MONTREAL (AP) Top-ranked Simona Halep outlasted third-ranked Sloane Stephens 7-6 (6), 3-6, 6-4 on Sunday to win her second Rogers Cup title.
The 26-year-old Romanian star also won the hard-court event that rotates between Toronto and Montreal in 2016 in Montreal.
In a rematch of Halep’s French Open final victory, she overcame Stephens in the match that had 15 service breaks. Halep has won her last six meetings with the 25-year-old American. Stephens, preparing for her U.S. Open title defense, is 0-8 against No. 1-ranked players.
Halep won her third title of the year and 18th overall.
A large Romanian contingent waving their red and yellow flags chanted Halep’s name between points. However, there were just as many pulling for Stephens in a match of two players who don’t overpower with their serve but hammer groundstrokes down the lines.
A back-and-forth opening set saw Halep jump to a 4-1 lead before Stephens found the range with her forehand and broke service three times to take a 6-5 lead. The American then wasted two set points as Halep forced a tiebreaker.
Stephens went up on two Halep double faults, but the Romanian stormed back to take the set. It was the first set Stephens lost all week.
Stephens added three more breaks to take the second set, but lost her serve to open the third.
She broke back for 2-2, but then suffered a letdown as Halep broke service twice more to take the lead. Stephens fought off three match points for one last service break before Halep closed it out.
PARIS — A thrilling five-set victory took a toll on Gael Monfils, whose withdrawal from the French Open handed No. 6 Holger Rune a walkover to the third round.
The 36-year-old Frenchman said he has a strained left wrist and can’t continue.
He battled Sebastian Baez for nearly four hours on Court Philippe Chatrier before beating the Argentine 3-6, 6-3, 7-5, 1-6, 7-5 in a first-round match that ended at 12:18 a.m. local time.
The victory was Monfils’ first at tour level this year, as the veteran was coming back from heel surgery.
“Actually, physically, I’m quite fine. But I had the problem with my wrist that I cannot solve,” he said. “The doctor say was not good to play with that type of injury. Yesterday was actually very risky, and then today definitely say I should stop.”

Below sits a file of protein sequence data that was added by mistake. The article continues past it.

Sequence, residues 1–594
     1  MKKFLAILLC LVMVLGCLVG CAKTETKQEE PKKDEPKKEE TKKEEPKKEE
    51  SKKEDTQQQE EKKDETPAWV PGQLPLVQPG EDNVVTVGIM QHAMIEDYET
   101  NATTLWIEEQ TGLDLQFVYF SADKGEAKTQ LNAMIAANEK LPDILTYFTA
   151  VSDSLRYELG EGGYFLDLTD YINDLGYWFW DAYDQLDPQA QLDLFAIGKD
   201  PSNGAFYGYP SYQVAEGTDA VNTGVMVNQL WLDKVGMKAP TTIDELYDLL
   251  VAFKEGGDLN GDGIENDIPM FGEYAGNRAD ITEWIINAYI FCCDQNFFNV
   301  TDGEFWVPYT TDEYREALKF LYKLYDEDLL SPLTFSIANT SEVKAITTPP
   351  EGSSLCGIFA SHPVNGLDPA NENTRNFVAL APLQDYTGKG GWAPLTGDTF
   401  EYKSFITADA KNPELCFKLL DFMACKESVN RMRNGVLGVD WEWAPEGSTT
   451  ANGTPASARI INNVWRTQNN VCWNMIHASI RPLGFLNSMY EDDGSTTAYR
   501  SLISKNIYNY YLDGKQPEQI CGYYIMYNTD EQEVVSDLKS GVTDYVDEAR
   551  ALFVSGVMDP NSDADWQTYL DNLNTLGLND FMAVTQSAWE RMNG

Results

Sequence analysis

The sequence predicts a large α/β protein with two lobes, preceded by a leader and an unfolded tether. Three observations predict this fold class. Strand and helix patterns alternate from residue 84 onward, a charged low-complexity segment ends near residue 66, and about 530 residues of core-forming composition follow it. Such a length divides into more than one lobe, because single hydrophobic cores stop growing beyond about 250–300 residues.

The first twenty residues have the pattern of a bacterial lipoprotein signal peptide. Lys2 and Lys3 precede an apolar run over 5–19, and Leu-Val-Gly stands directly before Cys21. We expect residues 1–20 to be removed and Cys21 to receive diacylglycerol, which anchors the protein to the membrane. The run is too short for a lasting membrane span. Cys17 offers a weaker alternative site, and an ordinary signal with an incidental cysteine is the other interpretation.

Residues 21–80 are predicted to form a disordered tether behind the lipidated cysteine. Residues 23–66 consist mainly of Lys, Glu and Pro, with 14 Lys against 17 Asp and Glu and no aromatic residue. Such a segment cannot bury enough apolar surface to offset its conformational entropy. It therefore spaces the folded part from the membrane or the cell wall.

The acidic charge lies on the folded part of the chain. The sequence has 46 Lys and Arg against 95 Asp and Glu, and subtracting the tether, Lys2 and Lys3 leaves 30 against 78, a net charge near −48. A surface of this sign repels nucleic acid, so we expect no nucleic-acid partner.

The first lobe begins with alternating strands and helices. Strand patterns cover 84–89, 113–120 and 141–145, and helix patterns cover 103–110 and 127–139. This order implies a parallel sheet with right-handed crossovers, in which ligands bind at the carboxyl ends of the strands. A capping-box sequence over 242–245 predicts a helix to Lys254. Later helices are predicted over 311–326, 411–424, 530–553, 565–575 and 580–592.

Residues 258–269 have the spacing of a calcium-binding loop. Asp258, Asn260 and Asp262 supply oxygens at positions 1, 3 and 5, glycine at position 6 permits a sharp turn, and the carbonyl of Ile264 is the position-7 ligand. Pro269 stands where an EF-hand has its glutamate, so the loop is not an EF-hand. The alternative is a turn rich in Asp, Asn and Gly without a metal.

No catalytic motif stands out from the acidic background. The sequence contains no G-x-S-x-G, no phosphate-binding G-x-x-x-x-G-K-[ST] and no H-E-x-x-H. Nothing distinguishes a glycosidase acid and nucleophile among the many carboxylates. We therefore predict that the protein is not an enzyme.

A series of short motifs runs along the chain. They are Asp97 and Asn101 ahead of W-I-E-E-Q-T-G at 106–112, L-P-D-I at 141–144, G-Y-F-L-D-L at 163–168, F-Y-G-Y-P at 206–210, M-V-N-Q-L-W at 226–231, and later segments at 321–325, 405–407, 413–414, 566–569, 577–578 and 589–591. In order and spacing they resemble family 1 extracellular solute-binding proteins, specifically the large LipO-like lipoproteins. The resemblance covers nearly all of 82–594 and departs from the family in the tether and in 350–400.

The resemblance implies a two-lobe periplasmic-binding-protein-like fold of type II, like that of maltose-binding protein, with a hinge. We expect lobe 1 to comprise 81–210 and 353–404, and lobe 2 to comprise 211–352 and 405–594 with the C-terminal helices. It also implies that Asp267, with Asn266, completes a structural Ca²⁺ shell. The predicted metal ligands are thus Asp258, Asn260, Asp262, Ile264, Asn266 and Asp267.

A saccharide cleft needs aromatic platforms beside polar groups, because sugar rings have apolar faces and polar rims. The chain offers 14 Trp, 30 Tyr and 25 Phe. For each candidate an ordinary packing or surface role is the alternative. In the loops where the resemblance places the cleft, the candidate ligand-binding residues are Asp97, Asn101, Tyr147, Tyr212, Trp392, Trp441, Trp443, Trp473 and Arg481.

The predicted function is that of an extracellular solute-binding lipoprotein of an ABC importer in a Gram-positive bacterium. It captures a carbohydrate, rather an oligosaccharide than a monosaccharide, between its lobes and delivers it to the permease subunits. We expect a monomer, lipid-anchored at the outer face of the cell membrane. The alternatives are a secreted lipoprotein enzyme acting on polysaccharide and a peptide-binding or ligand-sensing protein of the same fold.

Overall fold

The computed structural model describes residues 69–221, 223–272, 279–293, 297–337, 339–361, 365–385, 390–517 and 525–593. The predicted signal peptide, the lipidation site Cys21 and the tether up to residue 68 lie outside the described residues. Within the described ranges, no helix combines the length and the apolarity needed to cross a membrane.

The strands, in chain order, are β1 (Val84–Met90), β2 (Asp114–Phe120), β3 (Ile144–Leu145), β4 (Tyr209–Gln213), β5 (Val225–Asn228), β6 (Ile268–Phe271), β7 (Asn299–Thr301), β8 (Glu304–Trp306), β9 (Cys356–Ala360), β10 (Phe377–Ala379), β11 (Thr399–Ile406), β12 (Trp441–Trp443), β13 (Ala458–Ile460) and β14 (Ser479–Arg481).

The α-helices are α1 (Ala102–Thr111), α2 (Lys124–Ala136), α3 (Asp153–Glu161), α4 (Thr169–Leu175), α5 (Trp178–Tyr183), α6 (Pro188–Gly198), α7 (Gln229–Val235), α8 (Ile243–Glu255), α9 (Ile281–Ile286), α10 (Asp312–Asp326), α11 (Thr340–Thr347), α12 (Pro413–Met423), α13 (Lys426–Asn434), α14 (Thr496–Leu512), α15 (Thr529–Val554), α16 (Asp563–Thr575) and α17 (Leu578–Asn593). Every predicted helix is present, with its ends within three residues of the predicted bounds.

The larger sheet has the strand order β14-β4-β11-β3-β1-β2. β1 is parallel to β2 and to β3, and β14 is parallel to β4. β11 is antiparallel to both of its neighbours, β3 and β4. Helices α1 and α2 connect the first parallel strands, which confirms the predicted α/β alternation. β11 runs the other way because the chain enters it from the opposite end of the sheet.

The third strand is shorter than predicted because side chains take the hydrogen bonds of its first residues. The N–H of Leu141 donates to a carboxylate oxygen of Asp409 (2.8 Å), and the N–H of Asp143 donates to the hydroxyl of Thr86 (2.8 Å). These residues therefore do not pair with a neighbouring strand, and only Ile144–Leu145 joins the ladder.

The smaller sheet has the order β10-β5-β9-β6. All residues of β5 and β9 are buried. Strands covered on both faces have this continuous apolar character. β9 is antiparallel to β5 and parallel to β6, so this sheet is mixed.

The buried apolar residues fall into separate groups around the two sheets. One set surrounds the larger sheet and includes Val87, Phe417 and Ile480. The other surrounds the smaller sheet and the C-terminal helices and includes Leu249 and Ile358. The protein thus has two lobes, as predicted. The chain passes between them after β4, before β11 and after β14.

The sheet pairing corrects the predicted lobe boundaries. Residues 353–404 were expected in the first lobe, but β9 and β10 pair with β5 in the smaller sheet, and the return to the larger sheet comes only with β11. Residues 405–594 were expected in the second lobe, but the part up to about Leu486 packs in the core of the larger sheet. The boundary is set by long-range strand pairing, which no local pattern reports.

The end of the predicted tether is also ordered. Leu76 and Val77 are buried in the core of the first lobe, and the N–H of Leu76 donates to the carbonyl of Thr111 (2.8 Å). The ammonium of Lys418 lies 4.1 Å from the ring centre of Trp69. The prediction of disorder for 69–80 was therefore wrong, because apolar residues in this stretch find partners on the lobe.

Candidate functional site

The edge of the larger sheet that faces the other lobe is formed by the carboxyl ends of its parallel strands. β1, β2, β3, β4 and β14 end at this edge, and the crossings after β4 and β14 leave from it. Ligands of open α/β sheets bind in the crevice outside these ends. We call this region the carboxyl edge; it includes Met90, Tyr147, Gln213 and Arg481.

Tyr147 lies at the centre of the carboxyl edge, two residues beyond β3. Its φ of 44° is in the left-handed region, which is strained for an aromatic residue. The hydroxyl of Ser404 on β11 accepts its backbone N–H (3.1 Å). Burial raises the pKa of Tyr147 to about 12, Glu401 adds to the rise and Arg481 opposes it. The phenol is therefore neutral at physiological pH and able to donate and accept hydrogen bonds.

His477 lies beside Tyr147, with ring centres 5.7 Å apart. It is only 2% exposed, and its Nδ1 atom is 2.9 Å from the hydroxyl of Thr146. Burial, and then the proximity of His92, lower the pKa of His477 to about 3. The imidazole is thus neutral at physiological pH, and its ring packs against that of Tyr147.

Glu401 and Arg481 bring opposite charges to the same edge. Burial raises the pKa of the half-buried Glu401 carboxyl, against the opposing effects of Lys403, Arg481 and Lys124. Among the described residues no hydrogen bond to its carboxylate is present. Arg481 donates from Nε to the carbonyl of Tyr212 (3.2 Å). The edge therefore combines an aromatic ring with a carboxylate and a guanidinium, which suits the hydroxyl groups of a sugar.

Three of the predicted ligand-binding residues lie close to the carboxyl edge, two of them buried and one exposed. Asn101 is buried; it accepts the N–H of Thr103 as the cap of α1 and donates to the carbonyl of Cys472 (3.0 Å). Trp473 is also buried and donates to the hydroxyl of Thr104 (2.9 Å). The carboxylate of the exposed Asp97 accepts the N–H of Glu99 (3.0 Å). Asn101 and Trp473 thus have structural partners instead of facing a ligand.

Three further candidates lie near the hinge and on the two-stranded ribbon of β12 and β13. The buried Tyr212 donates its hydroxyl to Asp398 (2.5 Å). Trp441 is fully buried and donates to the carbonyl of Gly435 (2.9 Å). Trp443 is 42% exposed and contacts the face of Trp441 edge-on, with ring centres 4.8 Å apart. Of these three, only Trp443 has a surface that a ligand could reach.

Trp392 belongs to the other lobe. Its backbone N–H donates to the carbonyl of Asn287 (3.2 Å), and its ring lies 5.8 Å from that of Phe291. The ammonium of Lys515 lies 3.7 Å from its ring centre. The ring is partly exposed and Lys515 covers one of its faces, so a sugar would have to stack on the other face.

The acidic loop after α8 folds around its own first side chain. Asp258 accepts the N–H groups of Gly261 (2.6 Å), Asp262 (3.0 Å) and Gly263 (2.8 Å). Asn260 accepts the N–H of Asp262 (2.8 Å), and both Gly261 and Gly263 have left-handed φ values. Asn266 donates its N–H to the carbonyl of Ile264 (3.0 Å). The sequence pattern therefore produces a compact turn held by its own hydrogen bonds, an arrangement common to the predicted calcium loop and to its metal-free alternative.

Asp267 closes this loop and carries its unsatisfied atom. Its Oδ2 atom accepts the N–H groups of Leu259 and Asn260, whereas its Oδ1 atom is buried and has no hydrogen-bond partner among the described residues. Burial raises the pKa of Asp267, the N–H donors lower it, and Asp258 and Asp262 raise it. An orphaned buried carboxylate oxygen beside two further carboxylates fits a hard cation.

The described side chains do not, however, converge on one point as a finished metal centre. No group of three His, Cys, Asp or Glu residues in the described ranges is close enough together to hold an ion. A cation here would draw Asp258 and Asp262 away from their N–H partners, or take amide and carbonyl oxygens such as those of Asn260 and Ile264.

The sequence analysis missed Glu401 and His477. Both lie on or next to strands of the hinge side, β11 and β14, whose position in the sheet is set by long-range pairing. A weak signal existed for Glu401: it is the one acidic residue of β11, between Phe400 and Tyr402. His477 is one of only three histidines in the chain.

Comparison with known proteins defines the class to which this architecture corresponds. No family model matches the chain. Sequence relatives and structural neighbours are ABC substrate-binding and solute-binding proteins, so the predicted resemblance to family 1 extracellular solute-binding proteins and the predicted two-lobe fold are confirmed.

Monfils reached the semifinals at the French Open in 2008 and made it to the quarterfinals on three other occasions.
PARIS — Swedish tennis player Mikael Ymer was docked about $40,000 after being disqualified for smashing his racket against the umpire’s chair at a tournament the week before he competed at the French Open.
An ATP Tour spokesman said Ymer forfeited about $10,500 in prize money and 20 rankings he earned for reaching the second round of the Lyon Open. Ymer also was handed an on-site fine of about $29,000.
The spokesman said the ATP Fines Committee will conduct a review of what happened to determine whether any additional penalties are warranted.
The 56th-ranked Ymer, who is 24 and owns a victory over current No. 1 Carlos Alcaraz, was defaulted in Lyon for an outburst late in the first set against French teenager Arthur Fils last week.
Ymer was upset that the chair umpire would not check a ball mark after a shot by Fils landed near a line. As the players went to the sideline for the ensuing changeover, Ymer smacked the base of the umpire’s stand with his racket twice – destroying his equipment and damaging the chair.
That led to Ymer’s disqualification, making Fils the winner of the match.
After his 7-5, 6-2, 6-4 loss to 17th-seeded Lorenzo Musetti in the first round at Roland Garros, Ymer was asked whether he wanted to explain why he reacted the way he did in Lyon.
“With all due respect, I think it’s pretty clear from the video what caused it and why I reacted the way I reacted. Not justifying it at all, of course,” Ymer replied. “But for me to sit here and to explain? I think it’s pretty clear what led me to that place. I think that’s pretty clear in the video.”